“Thrive in Queens,” hosted by The Noguchi Museum, the Queens Economic Development Corporation and Long Island City Partnership, focused on the creative sector of the borough.

According to The Noguchi Museum Director Jenny Dixon, who moderated the first panel, they also spoke about “the need for greater marketing dollars and better public transportation,” and requested that the de Blasio administration “affirm the borough of Queens through an inclusive agenda weighted equally for all of the five boroughs.”

“A great gathering of Queens folks were in the audience and similarly a great group of Queens’ economic drivers were represented on the panel,” said Dixon.

“We hope what we have to say will be heard.”

 

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York Women’s Volleyball falls to CCNY


| lguerre@queenscourier.com

Photo courtesy of York College Athletics

The proverbial gray cloud continued to hang over the York College Women’s Volleyball team after a close loss yesterday to conference rivals City College of New York (CCNY), which ended with violations.

Trailing 11-10 to City College in the deciding fifth set, the Cardinals were going to serve when they were called for an illegal substitution, which was worth a point. The score eventually became 14-12, and a service error cost York the match.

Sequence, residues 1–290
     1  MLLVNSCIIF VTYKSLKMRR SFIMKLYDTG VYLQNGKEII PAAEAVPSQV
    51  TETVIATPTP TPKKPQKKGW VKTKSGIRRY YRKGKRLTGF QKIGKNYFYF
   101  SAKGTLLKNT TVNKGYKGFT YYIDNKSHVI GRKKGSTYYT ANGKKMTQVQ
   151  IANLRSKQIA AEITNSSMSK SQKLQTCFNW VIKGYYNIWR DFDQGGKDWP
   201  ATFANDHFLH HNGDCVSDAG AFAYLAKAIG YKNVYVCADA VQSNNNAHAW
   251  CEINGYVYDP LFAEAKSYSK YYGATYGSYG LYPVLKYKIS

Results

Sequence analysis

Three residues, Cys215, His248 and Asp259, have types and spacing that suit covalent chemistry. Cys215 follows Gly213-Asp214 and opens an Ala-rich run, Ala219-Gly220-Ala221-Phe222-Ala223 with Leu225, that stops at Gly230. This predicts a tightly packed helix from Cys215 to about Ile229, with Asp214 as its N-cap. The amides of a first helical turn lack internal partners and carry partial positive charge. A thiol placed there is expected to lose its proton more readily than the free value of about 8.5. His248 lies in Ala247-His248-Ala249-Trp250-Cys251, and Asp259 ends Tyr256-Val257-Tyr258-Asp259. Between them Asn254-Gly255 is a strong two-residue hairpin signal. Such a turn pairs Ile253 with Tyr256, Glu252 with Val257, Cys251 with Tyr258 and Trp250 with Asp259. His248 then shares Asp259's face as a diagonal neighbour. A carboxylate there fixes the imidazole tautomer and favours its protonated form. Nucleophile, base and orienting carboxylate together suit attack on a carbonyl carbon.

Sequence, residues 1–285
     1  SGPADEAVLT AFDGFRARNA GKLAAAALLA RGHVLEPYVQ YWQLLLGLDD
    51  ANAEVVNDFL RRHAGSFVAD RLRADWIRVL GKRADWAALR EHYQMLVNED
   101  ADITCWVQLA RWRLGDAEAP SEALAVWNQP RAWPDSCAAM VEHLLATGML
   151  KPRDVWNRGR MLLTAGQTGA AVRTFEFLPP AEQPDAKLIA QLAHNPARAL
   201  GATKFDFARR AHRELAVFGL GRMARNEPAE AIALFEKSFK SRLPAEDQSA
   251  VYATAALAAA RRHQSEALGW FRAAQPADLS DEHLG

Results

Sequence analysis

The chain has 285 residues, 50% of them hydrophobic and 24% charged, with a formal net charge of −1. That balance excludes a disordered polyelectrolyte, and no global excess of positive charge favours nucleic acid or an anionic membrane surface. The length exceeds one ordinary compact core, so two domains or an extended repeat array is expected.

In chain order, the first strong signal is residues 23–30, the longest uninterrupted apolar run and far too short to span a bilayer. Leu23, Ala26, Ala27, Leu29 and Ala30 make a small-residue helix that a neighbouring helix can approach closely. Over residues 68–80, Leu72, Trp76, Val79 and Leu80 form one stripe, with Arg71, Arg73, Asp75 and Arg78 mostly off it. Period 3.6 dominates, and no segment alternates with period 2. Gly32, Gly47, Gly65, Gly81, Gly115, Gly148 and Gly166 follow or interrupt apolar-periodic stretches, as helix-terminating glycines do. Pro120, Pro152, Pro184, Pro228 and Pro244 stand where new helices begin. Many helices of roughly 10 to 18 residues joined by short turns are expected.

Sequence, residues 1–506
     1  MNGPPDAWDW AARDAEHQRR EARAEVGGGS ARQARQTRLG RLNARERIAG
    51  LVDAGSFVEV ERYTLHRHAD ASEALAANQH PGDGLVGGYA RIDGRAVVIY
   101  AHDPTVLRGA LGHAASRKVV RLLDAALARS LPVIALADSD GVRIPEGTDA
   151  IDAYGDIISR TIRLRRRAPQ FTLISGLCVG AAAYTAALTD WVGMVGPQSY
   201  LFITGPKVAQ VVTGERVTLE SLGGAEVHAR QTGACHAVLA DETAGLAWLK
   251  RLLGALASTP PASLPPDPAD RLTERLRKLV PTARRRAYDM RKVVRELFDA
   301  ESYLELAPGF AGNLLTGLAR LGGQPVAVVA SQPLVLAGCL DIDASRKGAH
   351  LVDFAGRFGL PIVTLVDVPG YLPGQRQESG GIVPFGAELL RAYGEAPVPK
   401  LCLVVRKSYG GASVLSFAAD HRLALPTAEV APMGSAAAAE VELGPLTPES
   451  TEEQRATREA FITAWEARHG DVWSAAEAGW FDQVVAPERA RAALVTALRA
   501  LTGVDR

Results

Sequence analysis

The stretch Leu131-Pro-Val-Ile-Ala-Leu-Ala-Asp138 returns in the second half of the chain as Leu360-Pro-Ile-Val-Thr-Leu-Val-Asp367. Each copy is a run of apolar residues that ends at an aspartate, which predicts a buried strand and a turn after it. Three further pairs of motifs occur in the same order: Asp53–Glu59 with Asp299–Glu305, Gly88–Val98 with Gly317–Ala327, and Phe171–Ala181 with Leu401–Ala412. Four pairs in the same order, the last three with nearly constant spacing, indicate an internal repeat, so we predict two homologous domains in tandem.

The Cardinals were outlasted by CCNY (25-15, 18-25, 20-25, 25-20, 15-12), dropping the season record to 1-7, and 1-3 in the CUNY Athletic Conference.

As tough as the loss was, York showed some fight throughout the game. The Cardinals took an early 2-1 set advantage by eating up the second and third sets after losing the first.

York was led by Carlean McCrimmon, who had 18 kills with three aces, eight digs and five blocks. Libero Allison Li had 12 digs to steer the defense and Stayce Kay Muirhead finished with 12 kills. Setter Evelyn Florentino also finished with 35 assists.

The Cardinals will host the College of St. Elizabeth in their next match on Tuesday night.

 

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York College men’s soccer team wins home opener


| lguerre@queenscourier.com

Photo courtesy of Verity Rollins

What a home coming.

The York College men’s soccer team scored eight goals to win a dominating game against St. Joseph’s College, 8-0, in its home opener on Tuesday.

The goals were the most scored in a game by the Cardinals since September 4, 2008, when the team routed Yeshiva University, 14-3. York is now 2-3 on the season.

Cardinals’ offense had a field day with St. Joseph (0-1). Brian Broadbelt, Andre Adelson and Rohan Burrell notched two goals apiece to led York to victory.